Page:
There are 13 families of monogeneans; of these, four are frequently diagnosed on aquacultured fishes. These four families are Gyrodactylidae, Dactylogyridae, Ancyrocephalidae, and Capsalidae (Figure 1), and parasites of these families are commonly called gyrodactylids, dactylogyrids, ancyrocephalids, and capsalids, respectively. Distinguishing characteristics include the presence or absence of eye spots, and the number of pairs of anchors (hamuli), transverse bars, and marginal hooks on their haptors. These features can only be seen with a compound microscope and are summarized in Table 2 and diagramed in Figure 2. The most common groups of monogeneans on marine fishes are the capsalids and ancyrocephalids. The most common groups of monogeneans on freshwater fishes are the gyrodactylids and the ancyrocephalids, which differ markedly in their reproductive strategies as well as their preferred attachment sites on host fish.
The majority of gyrodactylids are viviparous (produce live young) and are generally found on the bodies and fins of fish, though they occasionally may occur on the gills. Adult parasites carry fully developed embryos (identical to the adult), which in turn carry the young of the next generation. Each individual parasite represents several generations, which is why they are often referred to as Russian nesting dolls. This reproductive strategy allows populations of gyrodactylids to multiply very quickly, especially in a closed system. The few gyrodactylids that are egg-layers are usually found on members of the South American catfish families, Loricariidae (armored catfishes such as the “pleco”) and Pimelodidae (long-whiskered catfishes such as pictus cats). These gyrodactylids use an adhesive material to “glue” their eggs to the skin of the catfish. Gyrodactylids may be found on freshwater, marine, and brackish water fishes.
Gyrodactylids have a pair of anchors with both dorsal and ventral bars and 16 marginal hooks, and do not have eye spots. Attachment to the fish is made with the marginal hooks; the anchors are used as a spring-like device to assist attachment with the marginal hooks. An embryo with its pair of anchors may frequently be seen inside an adult gyrodactylid (Figure 3).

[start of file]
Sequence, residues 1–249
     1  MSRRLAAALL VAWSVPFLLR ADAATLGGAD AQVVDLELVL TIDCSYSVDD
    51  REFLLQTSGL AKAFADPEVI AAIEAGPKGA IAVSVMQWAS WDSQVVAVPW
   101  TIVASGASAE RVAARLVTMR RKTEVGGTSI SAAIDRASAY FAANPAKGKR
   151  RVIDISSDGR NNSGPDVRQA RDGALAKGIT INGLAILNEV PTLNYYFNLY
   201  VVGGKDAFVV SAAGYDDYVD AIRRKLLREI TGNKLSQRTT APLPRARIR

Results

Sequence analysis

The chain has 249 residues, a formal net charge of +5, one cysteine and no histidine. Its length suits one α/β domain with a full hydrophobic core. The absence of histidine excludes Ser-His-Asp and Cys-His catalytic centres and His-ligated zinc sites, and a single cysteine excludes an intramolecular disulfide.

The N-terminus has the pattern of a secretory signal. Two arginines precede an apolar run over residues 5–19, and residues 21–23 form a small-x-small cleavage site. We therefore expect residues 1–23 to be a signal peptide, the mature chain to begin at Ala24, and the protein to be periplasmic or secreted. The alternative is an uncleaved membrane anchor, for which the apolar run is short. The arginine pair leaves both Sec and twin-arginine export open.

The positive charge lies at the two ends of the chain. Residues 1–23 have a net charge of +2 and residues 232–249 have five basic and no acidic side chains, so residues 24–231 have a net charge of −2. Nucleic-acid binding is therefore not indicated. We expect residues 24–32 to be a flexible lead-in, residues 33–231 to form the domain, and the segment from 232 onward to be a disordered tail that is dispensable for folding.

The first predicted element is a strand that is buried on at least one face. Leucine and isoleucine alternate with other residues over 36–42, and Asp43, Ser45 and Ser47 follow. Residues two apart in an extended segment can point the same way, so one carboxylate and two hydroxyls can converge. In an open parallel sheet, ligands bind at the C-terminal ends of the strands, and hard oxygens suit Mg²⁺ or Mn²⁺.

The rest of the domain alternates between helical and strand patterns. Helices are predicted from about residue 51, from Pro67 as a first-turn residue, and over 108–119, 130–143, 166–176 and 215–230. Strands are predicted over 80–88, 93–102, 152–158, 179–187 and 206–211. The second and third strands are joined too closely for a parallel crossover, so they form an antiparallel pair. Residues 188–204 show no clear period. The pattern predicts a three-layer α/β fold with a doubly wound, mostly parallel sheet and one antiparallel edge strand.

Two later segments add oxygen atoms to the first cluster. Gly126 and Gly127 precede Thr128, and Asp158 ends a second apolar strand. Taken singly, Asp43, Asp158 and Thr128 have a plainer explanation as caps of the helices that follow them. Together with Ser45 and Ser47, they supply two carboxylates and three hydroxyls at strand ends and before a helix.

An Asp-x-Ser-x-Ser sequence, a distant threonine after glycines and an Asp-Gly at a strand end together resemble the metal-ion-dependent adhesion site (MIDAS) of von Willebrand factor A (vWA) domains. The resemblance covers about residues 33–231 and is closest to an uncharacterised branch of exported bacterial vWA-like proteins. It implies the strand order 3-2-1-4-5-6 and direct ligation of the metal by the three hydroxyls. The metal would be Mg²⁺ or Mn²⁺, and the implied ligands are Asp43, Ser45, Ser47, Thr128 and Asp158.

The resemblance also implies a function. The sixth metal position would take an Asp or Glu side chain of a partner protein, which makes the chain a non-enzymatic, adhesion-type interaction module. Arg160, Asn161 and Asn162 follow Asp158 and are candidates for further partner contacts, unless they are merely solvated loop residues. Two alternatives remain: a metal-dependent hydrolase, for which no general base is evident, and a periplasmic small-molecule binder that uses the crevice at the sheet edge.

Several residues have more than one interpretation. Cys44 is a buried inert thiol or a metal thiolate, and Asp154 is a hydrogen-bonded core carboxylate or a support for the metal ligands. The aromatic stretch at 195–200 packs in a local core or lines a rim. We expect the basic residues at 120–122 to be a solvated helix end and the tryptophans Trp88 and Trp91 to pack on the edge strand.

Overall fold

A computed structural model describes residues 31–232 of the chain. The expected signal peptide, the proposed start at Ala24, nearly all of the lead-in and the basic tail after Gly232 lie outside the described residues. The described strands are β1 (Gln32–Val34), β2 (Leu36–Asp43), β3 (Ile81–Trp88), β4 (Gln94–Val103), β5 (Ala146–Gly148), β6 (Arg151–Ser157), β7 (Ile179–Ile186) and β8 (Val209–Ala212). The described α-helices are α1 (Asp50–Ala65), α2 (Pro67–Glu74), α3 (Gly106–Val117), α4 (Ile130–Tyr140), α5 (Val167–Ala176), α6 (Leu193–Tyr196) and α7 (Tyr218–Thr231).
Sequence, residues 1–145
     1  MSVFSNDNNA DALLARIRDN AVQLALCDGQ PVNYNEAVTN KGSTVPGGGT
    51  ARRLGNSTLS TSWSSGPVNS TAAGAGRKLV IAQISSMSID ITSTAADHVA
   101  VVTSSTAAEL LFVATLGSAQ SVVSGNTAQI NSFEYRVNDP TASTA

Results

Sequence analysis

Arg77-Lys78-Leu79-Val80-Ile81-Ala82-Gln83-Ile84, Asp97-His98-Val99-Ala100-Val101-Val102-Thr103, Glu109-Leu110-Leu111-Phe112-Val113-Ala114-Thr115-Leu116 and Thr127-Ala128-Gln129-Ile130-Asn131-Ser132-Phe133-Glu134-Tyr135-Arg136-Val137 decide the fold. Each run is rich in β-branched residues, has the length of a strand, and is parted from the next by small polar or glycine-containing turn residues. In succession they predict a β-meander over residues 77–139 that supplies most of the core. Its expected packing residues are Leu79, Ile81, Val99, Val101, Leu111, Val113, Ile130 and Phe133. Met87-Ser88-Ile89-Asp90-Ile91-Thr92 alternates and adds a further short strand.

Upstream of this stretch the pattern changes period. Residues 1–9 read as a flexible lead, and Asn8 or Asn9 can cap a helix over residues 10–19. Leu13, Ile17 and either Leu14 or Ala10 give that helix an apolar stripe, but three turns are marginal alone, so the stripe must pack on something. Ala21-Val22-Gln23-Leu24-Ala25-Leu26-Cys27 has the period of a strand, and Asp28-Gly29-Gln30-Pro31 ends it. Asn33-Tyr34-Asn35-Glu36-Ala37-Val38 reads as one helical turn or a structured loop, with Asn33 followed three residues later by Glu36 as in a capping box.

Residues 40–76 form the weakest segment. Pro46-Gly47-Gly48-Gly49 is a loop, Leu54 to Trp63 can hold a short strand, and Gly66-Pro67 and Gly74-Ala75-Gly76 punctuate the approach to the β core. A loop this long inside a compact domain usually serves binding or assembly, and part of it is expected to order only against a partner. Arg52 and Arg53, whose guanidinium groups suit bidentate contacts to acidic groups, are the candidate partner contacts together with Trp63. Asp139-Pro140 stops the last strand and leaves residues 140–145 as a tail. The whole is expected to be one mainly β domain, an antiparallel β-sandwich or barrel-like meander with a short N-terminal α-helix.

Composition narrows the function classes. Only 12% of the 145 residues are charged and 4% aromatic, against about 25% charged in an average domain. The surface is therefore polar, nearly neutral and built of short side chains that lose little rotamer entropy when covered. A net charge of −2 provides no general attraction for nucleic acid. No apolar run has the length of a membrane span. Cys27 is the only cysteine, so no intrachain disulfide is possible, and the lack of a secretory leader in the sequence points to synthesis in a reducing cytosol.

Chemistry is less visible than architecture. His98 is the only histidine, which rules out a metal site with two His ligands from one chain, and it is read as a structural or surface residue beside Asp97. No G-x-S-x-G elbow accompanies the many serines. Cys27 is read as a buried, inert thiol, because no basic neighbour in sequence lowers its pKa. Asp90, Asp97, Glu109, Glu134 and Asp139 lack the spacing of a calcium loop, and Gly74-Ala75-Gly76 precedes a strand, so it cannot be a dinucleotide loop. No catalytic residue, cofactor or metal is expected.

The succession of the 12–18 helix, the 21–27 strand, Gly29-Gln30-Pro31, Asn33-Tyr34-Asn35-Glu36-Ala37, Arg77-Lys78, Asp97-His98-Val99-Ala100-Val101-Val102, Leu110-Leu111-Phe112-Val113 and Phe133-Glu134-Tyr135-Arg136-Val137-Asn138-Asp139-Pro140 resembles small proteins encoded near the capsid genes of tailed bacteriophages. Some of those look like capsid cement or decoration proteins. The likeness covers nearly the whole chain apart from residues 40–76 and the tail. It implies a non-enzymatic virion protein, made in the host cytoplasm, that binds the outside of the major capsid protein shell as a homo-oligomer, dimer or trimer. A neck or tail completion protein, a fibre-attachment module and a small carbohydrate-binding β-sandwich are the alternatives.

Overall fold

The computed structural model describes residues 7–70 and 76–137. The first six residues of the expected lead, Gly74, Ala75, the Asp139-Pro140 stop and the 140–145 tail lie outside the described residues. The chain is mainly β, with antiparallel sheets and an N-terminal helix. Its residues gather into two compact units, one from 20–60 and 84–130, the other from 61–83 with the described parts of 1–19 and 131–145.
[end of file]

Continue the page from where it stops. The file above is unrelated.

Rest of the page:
Dactylogyrids usually prefer the gills as a feeding and attachment site (Figure 4) and are primarily found on freshwater fishes belonging to the cyprinid family (danios, rasboras, barbs, goldfish, koi, freshwater “sharks,” etc.). An exception is Acolpenteron ureteroecetes, which may be found in the posterior kidney, ureters, and urinary bladder of infected largemouth bass Micropterus salmoides.
Dactylogyrids have two pairs of eye spots and occasionally have a vestigial pair of anchors in addition to a pair of anchors and one transverse bar. They usually have 12–14 marginal hooks, but these may be absent in some species. Dactylogyrids are oviparous (egg-layers), and eggs are occasionally seen in association with gill tissue during microscopic examination.
Ancyrocephalids are closely related to the dactylogyrids. Unlike the dactylogyrids, they are not as selective about the host species of fish. They are usually found on gills of freshwater, marine, and brackish fishes. However, some genera (Neodiplectanotrema and Paradiplectanotrema) were reported in the esophagus of marine fishes, and one genus, Enterogyrus, lives in the stomach of African and Asian cichlid species.
Ancyrocephalids have two pairs of eye spots, and two pairs of anchors (Figure 5). Each pair of anchors has a transverse bar. Marginal hooks usually number 12–14, but may be absent in some species. Some species produce an adhesive substance to assist in attachment to the fish host. Ancyrocephalids are oviparous, and eggs are occasionally seen in mucus when examining gill tissue with a microscope.
Capsalids (Figure 6) are primarily found on the skin and occasionally the eyes of marine fishes, and occasionally on brackish fishes. Some genera of capsalid monogeneans, Neobenedenia and Benedenia, for example, can cause chronic problems in marine aquaria and can be difficult to eliminate from aquaria once they become established.
The capsalids primarily rely on an adhesive substance for attachment to the host, but they do have two pairs of anchors, a pair of accessory sclerites, and 14 marginal hooks. Many also have two circular attachment organs at their anterior ends. They also have two pairs of eye spots, but these are not easily discerned in adults. As capsalids reach maturity, their bodies tend to spread out to accommodate their extensive digestive system. Consequently, an infected fish may have capsalids at different stages of maturity that do not appear to be related. The eggs of capsalids usually have long thread-like appendages with adhesive droplets (Figure 7). Mature capsalids and egg masses are often large enough to be seen with the unaided eye.